Comparative Vegetation Condition Report: July 26 – August 1
The weekly Vegetation Condition Report maps below can be a valuable tool for making crop selection and marketing decisions.
The objective of these reports is to provide users with a means of assessing the relative condition of crops and grassland. The maps can be used to assess current plant growth rates, as well as comparisons to the previous year and relative to the 27-year average. The report is used by individual farmers and ranchers, the commodities market, and political leaders for assessing factors such as production potential and drought impact across their state.
The Vegetation Condition Report (VCR) maps were originally developed by Dr. Kevin Price, K-State professor emeritus of agronomy and geography. His pioneering work in this area is gratefully acknowledged.
The maps have recently been revised, using newer technology and enhanced sources of data. Dr. Nan An, Imaging Scientist, collaborated with Dr. Antonio Ray Asebedo, assistant professor and lab director of the Precision Agriculture Lab in the Department of Agronomy at Kansas State University, on the new VCR development. Multiple improvements have been made, such as new image processing algorithms with new remotely sensed data from EROS Data Center.
These improvements increase sensitivity for capturing more variability in plant biomass and photosynthetic capacity. However, the same format as the previous versions of the VCR maps was retained, thus allowing the transition to be as seamless as possible for the end user. For this spring, it was decided not to incorporate the snow cover data, which had been used in past years. However, this feature will be added back at a later date. In addition, production of the Corn Belt maps has been stopped, as the continental U.S. maps will provide the same data for these areas. Dr. Asebedo and Dr. An will continue development and improvement of the VCRs and other advanced maps.
The maps in this issue of the newsletter show the current state of photosynthetic activity in Kansas, and the continental U.S., with comments from Mary Knapp, assistant state climatologist:
Figure 1. The Vegetation Condition Report for Kansas for July 26 – August 1, 2016 from K-State’s Precision Agriculture Laboratory continues to show high NDVI values across the eastern third of the state, as well as in pockets of central and southwest Kansas. The highest NDVI values are along the Missouri River in Brown and Doniphan counties. It is also interesting to see the higher NDVI values continue along the Republican River Basin in north central Kansas.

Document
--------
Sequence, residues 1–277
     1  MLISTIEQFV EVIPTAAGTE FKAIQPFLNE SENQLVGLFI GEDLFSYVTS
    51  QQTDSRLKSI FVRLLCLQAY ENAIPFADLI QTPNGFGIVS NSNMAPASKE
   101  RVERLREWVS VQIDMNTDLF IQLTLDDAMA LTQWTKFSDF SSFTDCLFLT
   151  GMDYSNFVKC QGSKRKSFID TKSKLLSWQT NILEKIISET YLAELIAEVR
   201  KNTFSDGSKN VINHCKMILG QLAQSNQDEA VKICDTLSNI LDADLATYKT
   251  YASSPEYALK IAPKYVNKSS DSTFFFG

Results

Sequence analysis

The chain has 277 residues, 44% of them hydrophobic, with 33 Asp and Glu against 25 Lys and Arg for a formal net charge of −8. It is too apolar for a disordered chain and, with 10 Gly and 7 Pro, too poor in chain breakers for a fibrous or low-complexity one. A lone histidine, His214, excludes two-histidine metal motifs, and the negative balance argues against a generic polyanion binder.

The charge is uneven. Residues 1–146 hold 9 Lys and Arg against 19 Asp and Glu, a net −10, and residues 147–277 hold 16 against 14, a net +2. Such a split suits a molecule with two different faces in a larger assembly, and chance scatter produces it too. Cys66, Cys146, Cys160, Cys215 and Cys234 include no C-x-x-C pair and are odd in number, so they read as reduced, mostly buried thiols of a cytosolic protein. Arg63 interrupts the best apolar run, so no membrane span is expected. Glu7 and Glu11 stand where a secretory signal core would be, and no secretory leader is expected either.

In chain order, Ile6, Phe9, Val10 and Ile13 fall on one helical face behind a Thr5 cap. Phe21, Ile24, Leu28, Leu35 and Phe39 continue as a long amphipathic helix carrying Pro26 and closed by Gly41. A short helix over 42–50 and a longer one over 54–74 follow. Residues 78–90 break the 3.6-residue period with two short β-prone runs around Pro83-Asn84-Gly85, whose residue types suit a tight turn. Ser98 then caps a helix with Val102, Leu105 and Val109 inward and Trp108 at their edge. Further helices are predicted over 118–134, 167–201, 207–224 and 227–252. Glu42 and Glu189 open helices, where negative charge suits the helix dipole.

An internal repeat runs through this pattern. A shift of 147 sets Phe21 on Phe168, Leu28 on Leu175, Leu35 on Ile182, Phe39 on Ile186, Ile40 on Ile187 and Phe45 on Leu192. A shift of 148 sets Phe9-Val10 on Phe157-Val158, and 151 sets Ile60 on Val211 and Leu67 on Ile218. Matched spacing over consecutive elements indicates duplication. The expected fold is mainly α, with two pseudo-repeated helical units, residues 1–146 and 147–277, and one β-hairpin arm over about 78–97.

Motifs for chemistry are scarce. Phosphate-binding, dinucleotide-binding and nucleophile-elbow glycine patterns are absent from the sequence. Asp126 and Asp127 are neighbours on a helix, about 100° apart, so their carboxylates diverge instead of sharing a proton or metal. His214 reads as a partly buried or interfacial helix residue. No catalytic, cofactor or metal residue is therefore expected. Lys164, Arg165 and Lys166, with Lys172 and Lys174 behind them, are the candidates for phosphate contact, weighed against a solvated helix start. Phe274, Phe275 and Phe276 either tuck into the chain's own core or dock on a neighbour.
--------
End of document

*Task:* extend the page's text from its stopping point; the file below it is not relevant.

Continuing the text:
Figure 2. Compared to the previous year at this time for Kansas, the current Vegetation Condition Report for July 26- August 1, 2016 from K-State’s Precision Agriculture Laboratory shows the area of much higher photosynthetic activity is mostly in the southwestern areas of the state. Overall, the greatest increase in photosynthetic activity continues to be in western Kansas. Rainfall has been well distributed in the region and crop progress continues ahead of last year at this time. In north central Kansas, rainfall hasn’t been quite as well distributed as last year.
Figure 3. Compared to the 27-year average at this time for Kansas, this year’s Vegetation Condition Report for July 26 – August 1, 2016 from K-State’s Precision Agriculture Laboratory shows the area of below-average vegetative activity is most evident in parts of northwest Kansas. Intermittent rains and more seasonal temperatures have reduced vegetative stress in much of the state.
Figure 4. The Vegetation Condition Report for the U.S for July 26 – August 1, 2016 from K-State’s Precision Agriculture Laboratory shows high NDVI values in the Western Corn Belt. Favorable rainfall and more seasonal temperatures favored photosynthetic activity across the region. In contrast, the western High Plains of South Dakota, eastern Montana, and eastern Wyoming continue to have reduced vegetative activity as drought intensifies in these areas. Vegetative activity is also reduced in parts of New England, where rainfall has been limited. This includes parts of Massachusetts, New Jersey, and eastern Pennsylvania.
Figure 5. The U.S. comparison to last year at this time for July 26 – August 1, 2016 from K-State’s Precision Agriculture Laboratory shows that lower NDVI values are visible across much of the continental U.S. west of the Rockies. Florida and upper New England have higher NDVI values, as rainfall has been more favorable in these areas this year.
Figure 6. The U.S. comparison to the 27-year average for the period July 26 – August 1, 2016 from K-State’s Precision Agriculture Laboratory shows areas of below-average photosynthetic activity in the western High Plains and the Midwest. Drought conditions continue to expand in parts of New England with severe drought conditions reported in western New York, while below-average NDVI values from southeast Missouri through West Virginia are due to heavier-than-normal rainfall this week and the resultant cloud cover.
Mary Knapp, Weather Data Library
Ray Asebedo, Precision Agriculture
Nan An, Imaging Scientist